Paul Nitze: Where are the Late Greats?
The Aspen Times
Aspen, CO Colorado
“The best band will never get signed/K-Settes starring Butcher’s Blind/Are so good, you won’t ever know/They never even played a show/You can’t hear ’em on the radio.” So sings Wilco’s Jeff Tweedy in “The Late Greats,” a wry meditation on nostalgia.
By the time Tweedy wrote those lines, some of his fans were already complaining he could never live up to his old band, Uncle Tupelo. And Uncle Tupelo was itself consumed with nostalgia for the Carter Family and other Depression-era acts it lionized.
So it goes, particularly during bleak times. It’s just never as good as it once was. Which may be the best lens through which to view the hammering the president is taking from all quarters. Our summer of nostalgia has Republicans dreaming of Reagan and Democrats dreaming of a young candidate named Barack. For wildly different reasons, both sides deem the current incarnation of the president a “loser.”
Drew Westen captured the zeitgeist in his op-ed in last weekend’s New York Times, titled “What Happened to Obama?” Westen, a political scientist and ardent Obama booster, tells us that the bloom is off the rose. We’re stuck, in his opinion, with a “president who either does not know what he believes or is willing to take whatever position he thinks will lead to his re-election.”
This take on Obama as cynical and rudderless is fueling a lot of the current wave of progressive agony. Funny thing is, most Republican critics don’t agree. They don’t think the president is spineless; they think he’s stubbornly committed to growth-killing liberal dogma. Which should tell you that while much has changed in the last two years, the president’s temperament has been a constant. He was never as good as you thought he was back then, and he’s not nearly as bad as you think he is now.
Barack Obama is protean, a cool cat, all things to all people – he’s the protagonist in Robert Musil’s novel “The Man Without Qualities.” At least so far as his political style goes this is true, and if you didn’t know this when you voted for him, you weren’t paying attention. Which makes the wave of current criticism seem laughable, if it weren’t also weakening White House resolve in the real world.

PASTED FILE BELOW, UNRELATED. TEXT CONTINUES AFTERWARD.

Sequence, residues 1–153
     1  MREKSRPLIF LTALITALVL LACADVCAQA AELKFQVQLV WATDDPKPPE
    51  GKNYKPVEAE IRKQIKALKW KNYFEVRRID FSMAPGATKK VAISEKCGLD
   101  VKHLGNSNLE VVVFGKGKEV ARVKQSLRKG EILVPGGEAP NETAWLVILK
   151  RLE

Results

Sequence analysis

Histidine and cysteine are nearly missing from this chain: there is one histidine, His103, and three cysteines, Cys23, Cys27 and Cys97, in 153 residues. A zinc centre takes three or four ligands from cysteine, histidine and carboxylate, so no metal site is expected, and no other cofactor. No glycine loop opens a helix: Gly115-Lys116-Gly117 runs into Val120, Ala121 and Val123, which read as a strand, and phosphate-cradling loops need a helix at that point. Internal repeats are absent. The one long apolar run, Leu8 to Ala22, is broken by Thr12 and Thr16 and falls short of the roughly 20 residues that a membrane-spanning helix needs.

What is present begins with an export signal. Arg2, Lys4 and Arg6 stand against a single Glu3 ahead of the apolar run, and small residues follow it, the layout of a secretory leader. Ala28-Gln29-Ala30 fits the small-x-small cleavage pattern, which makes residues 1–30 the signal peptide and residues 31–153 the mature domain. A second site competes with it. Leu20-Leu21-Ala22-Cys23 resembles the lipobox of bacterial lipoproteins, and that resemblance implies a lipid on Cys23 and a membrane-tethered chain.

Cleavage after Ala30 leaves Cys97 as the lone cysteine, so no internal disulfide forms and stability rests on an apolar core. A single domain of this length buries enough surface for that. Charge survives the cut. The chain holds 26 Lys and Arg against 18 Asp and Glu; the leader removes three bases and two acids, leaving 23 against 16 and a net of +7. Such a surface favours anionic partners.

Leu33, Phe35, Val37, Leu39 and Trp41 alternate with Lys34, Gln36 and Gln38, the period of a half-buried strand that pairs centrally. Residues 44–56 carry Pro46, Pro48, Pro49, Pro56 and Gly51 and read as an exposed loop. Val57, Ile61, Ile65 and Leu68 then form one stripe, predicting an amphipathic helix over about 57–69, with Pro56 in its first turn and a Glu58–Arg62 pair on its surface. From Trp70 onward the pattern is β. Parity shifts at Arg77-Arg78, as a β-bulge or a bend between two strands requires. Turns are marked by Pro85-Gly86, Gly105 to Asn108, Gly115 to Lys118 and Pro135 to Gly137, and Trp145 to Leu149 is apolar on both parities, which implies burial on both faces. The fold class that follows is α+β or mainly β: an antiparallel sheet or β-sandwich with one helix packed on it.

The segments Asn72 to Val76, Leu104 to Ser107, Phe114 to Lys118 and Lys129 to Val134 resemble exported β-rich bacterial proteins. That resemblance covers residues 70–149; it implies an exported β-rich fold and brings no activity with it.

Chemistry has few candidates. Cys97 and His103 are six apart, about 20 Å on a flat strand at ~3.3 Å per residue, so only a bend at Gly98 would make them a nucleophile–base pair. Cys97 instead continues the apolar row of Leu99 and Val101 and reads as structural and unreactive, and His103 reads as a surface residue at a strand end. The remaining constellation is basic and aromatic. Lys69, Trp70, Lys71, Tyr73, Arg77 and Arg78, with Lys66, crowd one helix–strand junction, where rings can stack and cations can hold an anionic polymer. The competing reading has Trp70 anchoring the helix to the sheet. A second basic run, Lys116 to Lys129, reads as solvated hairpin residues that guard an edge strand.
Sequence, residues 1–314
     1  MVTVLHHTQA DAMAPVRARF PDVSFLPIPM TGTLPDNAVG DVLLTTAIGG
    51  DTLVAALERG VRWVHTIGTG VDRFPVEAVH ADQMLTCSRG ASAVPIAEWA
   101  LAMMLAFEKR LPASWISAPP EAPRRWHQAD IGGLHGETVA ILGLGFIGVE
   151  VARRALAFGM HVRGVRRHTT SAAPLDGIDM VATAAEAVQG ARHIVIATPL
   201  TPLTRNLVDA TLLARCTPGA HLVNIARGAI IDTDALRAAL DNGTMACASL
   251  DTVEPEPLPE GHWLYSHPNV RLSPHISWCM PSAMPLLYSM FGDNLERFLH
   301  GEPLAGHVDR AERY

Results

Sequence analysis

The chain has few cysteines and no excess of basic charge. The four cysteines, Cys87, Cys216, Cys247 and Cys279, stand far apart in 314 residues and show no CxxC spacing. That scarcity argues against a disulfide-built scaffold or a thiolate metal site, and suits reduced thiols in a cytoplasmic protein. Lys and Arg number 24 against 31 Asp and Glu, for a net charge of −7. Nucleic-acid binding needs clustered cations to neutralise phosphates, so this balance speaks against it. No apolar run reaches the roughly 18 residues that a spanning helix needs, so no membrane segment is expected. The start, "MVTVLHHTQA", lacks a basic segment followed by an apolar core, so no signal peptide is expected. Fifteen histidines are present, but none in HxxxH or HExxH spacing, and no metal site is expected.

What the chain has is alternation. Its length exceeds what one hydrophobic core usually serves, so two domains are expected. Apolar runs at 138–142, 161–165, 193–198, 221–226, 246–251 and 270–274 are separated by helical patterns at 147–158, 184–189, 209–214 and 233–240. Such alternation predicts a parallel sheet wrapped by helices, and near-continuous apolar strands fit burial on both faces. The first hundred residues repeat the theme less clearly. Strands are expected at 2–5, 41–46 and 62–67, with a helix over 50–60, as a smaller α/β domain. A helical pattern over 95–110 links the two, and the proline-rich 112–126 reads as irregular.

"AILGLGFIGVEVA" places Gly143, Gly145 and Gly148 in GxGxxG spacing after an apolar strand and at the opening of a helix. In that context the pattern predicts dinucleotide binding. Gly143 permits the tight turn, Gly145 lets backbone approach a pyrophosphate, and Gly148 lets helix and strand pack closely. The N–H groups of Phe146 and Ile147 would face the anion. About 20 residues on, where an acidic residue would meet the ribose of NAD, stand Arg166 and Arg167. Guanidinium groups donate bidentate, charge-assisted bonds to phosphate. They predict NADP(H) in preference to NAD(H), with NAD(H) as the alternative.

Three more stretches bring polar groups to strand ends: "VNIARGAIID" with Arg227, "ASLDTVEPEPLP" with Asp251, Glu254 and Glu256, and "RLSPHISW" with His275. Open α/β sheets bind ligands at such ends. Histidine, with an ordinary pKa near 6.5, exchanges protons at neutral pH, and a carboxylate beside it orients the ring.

Nothing suggests that the debt ceiling debacle would have turned out much differently under a different Democratic president. The current House majority wouldn’t accept a larger victory, in which steep spending cuts were exchanged for a modest tax increase. And no Democratic president would send the economy into a tailspin to hold the line on a better deal.
The president made a tactical decision to forestall a showdown to next year, when the Bush tax cuts are set to expire. We won’t know if he’s made the right decision until then, when we’ll be in the heat of the presidential race and Congress will be fighting over an extension package. Those who think he’s spineless because he didn’t veto last year’s tax extension or this year’s debt compromise mistake tactics for character. It’s not as if a different approach would have made an historically recalcitrant Congress more malleable.
None of this is to play down the cynical side of the president’s behavior. He badly wants to be reelected, which led him to leave the recommendations of his own debt commission twisting in the wind, and to offer no meaningful alternative to Paul Ryan’s budget. His failure to tell the American public where he stands, in plain and forceful English, hamstrings his chances of getting what he wants when a showdown materializes. This failure to message, also identified by Westen, is one critique that rings true to my ears.
But what Westen identifies as a trait missing in our president, a lack of conviction, is really a lack of capacity in our political system. And as we muddle through the next few years, we may find ourselves glad to have someone in the White House who has a deep capacity to learn on the job, and who won’t let ideology stand in his way. It’s why we elected him in the first place.
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